Besides the difficulties in having a full view of student lives, grading an individual on individual character traits will cause more harm than good in the students who most need support. Paul Tough’s recent best seller Why Children Succeed reopened the issue, for some schools, of grading students on character traits. Curiously, Tough’s accounts of two schools saw one of them, a KIPP School, deciding to grade students on character traits and the other, Riverdale, deciding not to do so. There are two compelling reasons why Riverdale made the right choice. Schools cannot, or should not, try to take the KIPP route by assigning grades for character.
Reason 1: The cannot
In search of what good character was and how it was fostered in schools, researchers Harry Hartshorne and Mark May looked at character education programs in the late 1920s. They did so through 10,000-plus school children in a study founded by the Rockefeller Foundation. Much to their dismay, they discovered that there were not “honest” or “dishonest” children, but rather children who tended to demonstrate honesty in some scenarios and not in others. Similar results were found throughout 20th century research. Character traits are found to be relatively stable in repeated situations (e.g., cheating or not on a test this week compared to a test six months from now), but unstable across different situations (e.g., lying to parents versus lying to friends).
Beyond the fact that character traits are not very reliable across situations, an attempt to grade character traits like honesty, citizenship, or responsibility assumes that the person grading is in a position to assess such traits reliably. Tough says the KIPP teachers found the process daunting. The literature on bullying itself is illustrative. Most schools have bullying/cyberbullying problems to one extent or another, and yet schools claim, rightly, that they do not know who the bullies are unless students report them. A certain percentage of bullying behavior is even perpetrated by those “kids you’d least suspect.” Most teachers are not in a position to do these kinds of assessments reliably, so their grades are based on observations in a very limited number of scenarios.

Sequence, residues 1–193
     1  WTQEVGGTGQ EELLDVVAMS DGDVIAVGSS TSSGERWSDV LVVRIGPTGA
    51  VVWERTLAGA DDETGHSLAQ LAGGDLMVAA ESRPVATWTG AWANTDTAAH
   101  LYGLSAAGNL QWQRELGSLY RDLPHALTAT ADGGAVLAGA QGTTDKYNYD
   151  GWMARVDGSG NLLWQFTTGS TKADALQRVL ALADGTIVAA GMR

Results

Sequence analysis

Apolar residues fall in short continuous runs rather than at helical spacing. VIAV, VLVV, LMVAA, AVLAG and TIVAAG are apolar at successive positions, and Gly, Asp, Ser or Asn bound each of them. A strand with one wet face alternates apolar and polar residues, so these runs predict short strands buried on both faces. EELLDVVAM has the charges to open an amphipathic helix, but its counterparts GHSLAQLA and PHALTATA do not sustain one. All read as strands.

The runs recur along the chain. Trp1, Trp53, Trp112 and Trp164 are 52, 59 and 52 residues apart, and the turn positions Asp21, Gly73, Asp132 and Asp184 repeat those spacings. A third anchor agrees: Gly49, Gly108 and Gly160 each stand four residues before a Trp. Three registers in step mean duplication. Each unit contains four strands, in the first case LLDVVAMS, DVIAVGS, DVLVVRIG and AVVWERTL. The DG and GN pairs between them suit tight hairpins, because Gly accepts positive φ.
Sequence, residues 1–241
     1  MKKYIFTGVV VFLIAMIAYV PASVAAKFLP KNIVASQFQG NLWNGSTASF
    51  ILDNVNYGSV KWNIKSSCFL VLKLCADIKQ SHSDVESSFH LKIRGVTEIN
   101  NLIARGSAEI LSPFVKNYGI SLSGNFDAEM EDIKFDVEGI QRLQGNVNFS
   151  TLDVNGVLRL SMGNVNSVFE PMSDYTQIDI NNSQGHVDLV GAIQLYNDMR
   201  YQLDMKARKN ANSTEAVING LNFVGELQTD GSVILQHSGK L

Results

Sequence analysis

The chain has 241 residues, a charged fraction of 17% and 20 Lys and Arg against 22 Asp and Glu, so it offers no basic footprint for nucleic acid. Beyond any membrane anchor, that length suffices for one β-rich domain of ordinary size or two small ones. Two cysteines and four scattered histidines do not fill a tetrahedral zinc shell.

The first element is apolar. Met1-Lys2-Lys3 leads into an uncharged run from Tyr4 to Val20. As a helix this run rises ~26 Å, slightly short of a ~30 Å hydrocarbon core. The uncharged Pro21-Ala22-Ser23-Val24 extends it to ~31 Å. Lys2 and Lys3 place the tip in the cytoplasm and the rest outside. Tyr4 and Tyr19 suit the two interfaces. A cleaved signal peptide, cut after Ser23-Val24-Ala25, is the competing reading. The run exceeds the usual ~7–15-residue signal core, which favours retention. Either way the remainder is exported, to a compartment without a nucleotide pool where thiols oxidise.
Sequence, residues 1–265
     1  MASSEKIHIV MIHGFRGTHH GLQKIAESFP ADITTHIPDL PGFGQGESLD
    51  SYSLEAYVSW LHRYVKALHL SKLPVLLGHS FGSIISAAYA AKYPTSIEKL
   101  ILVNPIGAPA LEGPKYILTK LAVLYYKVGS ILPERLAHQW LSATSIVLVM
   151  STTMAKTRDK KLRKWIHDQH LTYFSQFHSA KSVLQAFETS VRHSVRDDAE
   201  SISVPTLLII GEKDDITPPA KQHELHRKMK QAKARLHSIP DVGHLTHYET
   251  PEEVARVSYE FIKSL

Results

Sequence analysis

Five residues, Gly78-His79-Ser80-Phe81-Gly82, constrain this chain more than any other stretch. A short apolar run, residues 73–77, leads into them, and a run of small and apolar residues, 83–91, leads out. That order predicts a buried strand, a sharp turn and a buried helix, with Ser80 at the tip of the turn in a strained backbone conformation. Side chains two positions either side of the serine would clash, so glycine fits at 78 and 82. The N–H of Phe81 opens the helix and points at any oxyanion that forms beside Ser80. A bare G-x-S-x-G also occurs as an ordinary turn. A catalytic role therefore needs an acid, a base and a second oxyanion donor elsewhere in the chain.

Reason 2: The should not
Greater than the difficulty that lies in the process of grading are the effects of character grades themselves. If a school’s goal is to improve character in all students, then grading individuals on character traits is a no-no. When students see a good grade—provided they feel the grade is warranted—the positive feedback may have slight beneficial effects. However, simple feedback like “good job” has little effect on motivation. What makes positive feedback effective is when the reasons for the “good job” comment are explained. This kind of “informational feedback” tends to motivate students to do more of it, but it does not generally encourage students to be “better.”
And what if a student gets a bad character grade?